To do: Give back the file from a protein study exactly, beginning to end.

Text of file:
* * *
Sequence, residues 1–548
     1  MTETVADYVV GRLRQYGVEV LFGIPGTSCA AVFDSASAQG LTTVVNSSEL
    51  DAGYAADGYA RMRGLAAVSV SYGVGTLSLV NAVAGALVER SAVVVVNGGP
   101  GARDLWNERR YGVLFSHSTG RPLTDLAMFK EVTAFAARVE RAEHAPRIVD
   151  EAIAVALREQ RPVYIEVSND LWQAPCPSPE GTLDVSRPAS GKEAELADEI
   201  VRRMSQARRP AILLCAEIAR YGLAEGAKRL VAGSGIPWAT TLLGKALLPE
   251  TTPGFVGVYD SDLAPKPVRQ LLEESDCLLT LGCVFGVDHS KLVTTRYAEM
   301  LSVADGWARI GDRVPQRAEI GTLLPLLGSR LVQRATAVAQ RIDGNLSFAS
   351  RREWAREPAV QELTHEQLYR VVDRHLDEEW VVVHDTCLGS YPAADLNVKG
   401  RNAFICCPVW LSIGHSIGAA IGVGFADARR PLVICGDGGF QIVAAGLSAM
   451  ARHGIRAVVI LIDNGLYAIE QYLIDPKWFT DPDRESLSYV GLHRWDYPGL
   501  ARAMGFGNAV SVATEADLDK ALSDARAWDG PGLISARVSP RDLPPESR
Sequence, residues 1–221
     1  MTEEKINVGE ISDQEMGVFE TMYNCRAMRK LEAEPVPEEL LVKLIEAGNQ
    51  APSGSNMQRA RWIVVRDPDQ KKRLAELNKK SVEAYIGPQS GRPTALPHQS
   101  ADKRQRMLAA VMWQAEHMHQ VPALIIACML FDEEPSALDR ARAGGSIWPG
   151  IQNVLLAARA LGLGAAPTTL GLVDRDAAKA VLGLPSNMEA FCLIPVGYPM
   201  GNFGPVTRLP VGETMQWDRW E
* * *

Sequence, residues 1–548
     1  MTETVADYVV GRLRQYGVEV LFGIPGTSCA AVFDSASAQG LTTVVNSSEL
    51  DAGYAADGYA RMRGLAAVSV SYGVGTLSLV NAVAGALVER SAVVVVNGGP
   101  GARDLWNERR YGVLFSHSTG RPLTDLAMFK EVTAFAARVE RAEHAPRIVD
   151  EAIAVALREQ RPVYIEVSND LWQAPCPSPE GTLDVSRPAS GKEAELADEI
   201  VRRMSQARRP AILLCAEIAR YGLAEGAKRL VAGSGIPWAT TLLGKALLPE
   251  TTPGFVGVYD SDLAPKPVRQ LLEESDCLLT LGCVFGVDHS KLVTTRYAEM
   301  LSVADGWARI GDRVPQRAEI GTLLPLLGSR LVQRATAVAQ RIDGNLSFAS
   351  RREWAREPAV QELTHEQLYR VVDRHLDEEW VVVHDTCLGS YPAADLNVKG
   401  RNAFICCPVW LSIGHSIGAA IGVGFADARR PLVICGDGGF QIVAAGLSAM
   451  ARHGIRAVVI LIDNGLYAIE QYLIDPKWFT DPDRESLSYV GLHRWDYPGL
   501  ARAMGFGNAV SVATEADLDK ALSDARAWDG PGLISARVSP RDLPPESR
Sequence, residues 1–221
     1  MTEEKINVGE ISDQEMGVFE TMYNCRAMRK LEAEPVPEEL LVKLIEAGNQ
    51  APSGSNMQRA RWIVVRDPDQ KKRLAELNKK SVEAYIGPQS GRPTALPHQS
   101  ADKRQRMLAA VMWQAEHMHQ VPALIIACML FDEEPSALDR ARAGGSIWPG
   151  IQNVLLAARA LGLGAAPTTL GLVDRDAAKA VLGLPSNMEA FCLIPVGYPM
   201  GNFGPVTRLP VGETMQWDRW E